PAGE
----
With the pounding feet, loud music and energetically dancing students, if you walked into the Sutton Center knowing nothing of the event happening this past Saturday, you would’ve thought an electronic music festival had come to Wake Forest.
Last weekend, the 12th annual Wake ‘N Shake took place, bringing together over 1,400 students to dance for 12 hours with one common goal: to raise money to find a cure for cancer. The event this year consisted of morale dances, Zumba, body combat, a magician, performances from Momentum and Deacon Dhamaal, speeches from Coach Clawson, President Hatch and Take the Fight, a live band and a rave hour.
The most touching of all the activities were the times when everyone quieted down for the speakers, which included Jake Teitelbaum, a Wake Forest senior and founder of the Resilience Project who has battled cancer himself and each of the eight champions, who are people that have fought or are fighting cancer.
One champion was Cindy Ferguson, mother of sophomore Elizabeth Ferguson (Champion Relations Committee), who spoke about her ongoing battle with stage-two, triple negative breast cancer. She was diagnosed just two days before the event last year, and has been fighting ever since. She began with 16 rounds of chemotherapy in April of 2016 and will hopefully complete the last step, oral chemotherapy, this July.
This process has been difficult, yet inspiring for Elizabeth, who said the hardest part was being away at school when her mom was diagnosed and not being by her side during the final rounds of chemotherapy as she returned to school in the fall.
On Saturday, Elizabeth took to the stage as support while Cindy told her story. One aspect Cindy talked a lot about was her fear of losing her hair. With the new concept of cool-cap therapy, she was able to save most of it, but not without the help of her “cap angels.”
Every Wednesday, four friends would come to help Cindy as she received chemotherapy, changing the negative 32 Degrees Celsius caps every 30 minutes throughout the morning and afternoon. Her husband stayed by her side through it all.
Cindy eventually decided to buy a wig to wear during the day, but is still so thankful to have much of her hair left, saying it was at least one thing she felt like she could control. When she looks in the mirror, she still sees herself, and gives all thanks to God.
“The smallest or most random acts of kindest can be the most touching,” she said.
Another kind act came in the form of a paperchain created by Elizabeth, with each colorful link holding an inspirational quote. Although Elizabeth was back at school during her mom’s final weeks of chemotherapy, when Cindy opened a link each morning, it felt like Elizabeth was there with her. Even with her ongoing fight against cancer, she remains as positive and involved as she’s always been.
Another student who is very passionate about Wake ‘N Shake and has had cancer hit close to home is Kaela Griswold, a corporate sponsorship co-chair. This year, she put her heart and soul into her planning because she was doing it in honor of her Uncle Scott, former high school clasmates Chris Nunes and Bobby Taggart and former teacher and mentor Peter McVeigh.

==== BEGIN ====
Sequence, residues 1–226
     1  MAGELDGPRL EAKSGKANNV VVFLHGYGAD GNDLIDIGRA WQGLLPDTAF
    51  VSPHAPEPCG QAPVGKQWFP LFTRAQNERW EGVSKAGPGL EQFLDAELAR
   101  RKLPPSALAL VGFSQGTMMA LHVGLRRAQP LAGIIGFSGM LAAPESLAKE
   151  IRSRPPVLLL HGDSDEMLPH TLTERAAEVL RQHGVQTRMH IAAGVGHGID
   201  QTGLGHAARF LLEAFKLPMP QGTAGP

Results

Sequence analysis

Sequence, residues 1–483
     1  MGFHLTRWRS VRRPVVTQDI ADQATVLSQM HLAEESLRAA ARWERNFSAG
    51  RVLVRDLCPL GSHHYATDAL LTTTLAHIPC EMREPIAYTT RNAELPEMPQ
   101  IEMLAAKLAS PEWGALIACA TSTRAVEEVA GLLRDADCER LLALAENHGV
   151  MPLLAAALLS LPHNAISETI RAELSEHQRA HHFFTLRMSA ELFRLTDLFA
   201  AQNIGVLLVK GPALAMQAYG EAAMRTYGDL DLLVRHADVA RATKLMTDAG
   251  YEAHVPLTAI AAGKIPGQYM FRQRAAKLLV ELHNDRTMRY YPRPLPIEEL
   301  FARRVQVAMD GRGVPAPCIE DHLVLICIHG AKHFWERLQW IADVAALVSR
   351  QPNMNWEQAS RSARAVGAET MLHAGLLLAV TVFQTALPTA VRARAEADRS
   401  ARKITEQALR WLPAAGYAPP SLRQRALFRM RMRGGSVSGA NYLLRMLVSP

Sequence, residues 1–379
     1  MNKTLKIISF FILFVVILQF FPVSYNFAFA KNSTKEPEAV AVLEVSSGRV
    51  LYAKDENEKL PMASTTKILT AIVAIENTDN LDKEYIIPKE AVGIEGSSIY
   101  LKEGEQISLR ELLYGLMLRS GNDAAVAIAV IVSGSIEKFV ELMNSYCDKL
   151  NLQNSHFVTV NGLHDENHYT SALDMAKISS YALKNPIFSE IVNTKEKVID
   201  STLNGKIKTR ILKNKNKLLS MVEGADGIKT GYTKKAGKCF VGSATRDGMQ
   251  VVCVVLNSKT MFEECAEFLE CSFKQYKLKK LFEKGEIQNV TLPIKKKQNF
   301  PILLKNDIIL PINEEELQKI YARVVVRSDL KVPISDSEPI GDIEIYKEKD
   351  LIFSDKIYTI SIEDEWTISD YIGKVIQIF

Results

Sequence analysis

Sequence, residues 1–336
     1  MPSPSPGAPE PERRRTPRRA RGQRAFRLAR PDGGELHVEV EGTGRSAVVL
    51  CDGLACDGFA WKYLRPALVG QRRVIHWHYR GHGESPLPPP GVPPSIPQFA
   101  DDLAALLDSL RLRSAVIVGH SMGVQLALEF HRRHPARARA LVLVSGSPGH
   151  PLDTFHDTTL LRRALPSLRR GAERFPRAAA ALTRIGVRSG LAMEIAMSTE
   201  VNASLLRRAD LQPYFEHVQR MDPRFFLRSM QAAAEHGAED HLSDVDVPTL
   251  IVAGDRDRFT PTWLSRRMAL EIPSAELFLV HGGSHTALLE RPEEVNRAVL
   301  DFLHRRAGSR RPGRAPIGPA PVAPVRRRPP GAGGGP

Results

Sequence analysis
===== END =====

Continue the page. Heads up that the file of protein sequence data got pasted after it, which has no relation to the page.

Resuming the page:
Her uncle Scott passed last week from Non-Hodgkin’s Lymphoma, and she described him as the most knowledgeable man she knows. Even in the hospital, he was studying textbooks. During her high school years at Germantown Academy in PA, two boys, Nunes and Taggart, also passed away after battling cancer.
This “created silence, but also an uproar of community,” she said.
The community grew even closer this past semester when Peter McVeigh, a teacher at the school for 45 years, passed from pancreatic cancer at age 70 on Feb. 7. Griswold described him as her life mentor, source of guidance and inspiration, Poppy Pete and best friend.
“He is the dearest person in my life,” she said.
Their friendship began her sophomore year of high school when she decided to start “KBallet,” through which she taught dance at a local orphanage to kids who had been abused, neglected or orphaned.
McVeigh was the Director of the Community Service Organization and she needed advice; from there they formed a special bond that included many Saturdays helping others and ending the day with mint chocolate chip ice cream.
Two weeks before McVeigh passed, Griswold received a call from Peter’s son, Ian McVeigh, and was able to spend three days with the family in the hospital. Ian told Griswold, “I was his best friend, until he met you.”
After the passing of McVeigh, who was known for calling every student he had ever had on their birthday each year, both Griswold and the school were shaken. Students created a blog on their literary magazine’s website, Academy Monthly, where people who knew and loved him could write tributes, and the funeral was held at the school with over 1,000 people in attendance.
Wake Forest senior and Overall Co-chair Michael Hanamirian also attended Germantown Academy, and described McVeigh as “an unbelievable teacher and guy” who was “infectious” and “sacrificed always.”
“It’s important to remember those who aren’t here anymore, to keep fighting alongside those who are still fighting and to celebrate those who no longer have the disease,” he said.
Hanamirian also experienced the loss of Nunes and Taggart, two of his high school friends, and is supporting Wake Forest alum and Lambda Chi Alpha brother Fritts Biesecker in his current fight.
Germantown Academy’s website says McVeigh loved quoting the words of Martin Luther King, and often said, “Our lives begin to end on the day that we remain silent about the things that matter.”
This year students made some major noise, and the world is $334,337.52 closer to finding a cure for cancer.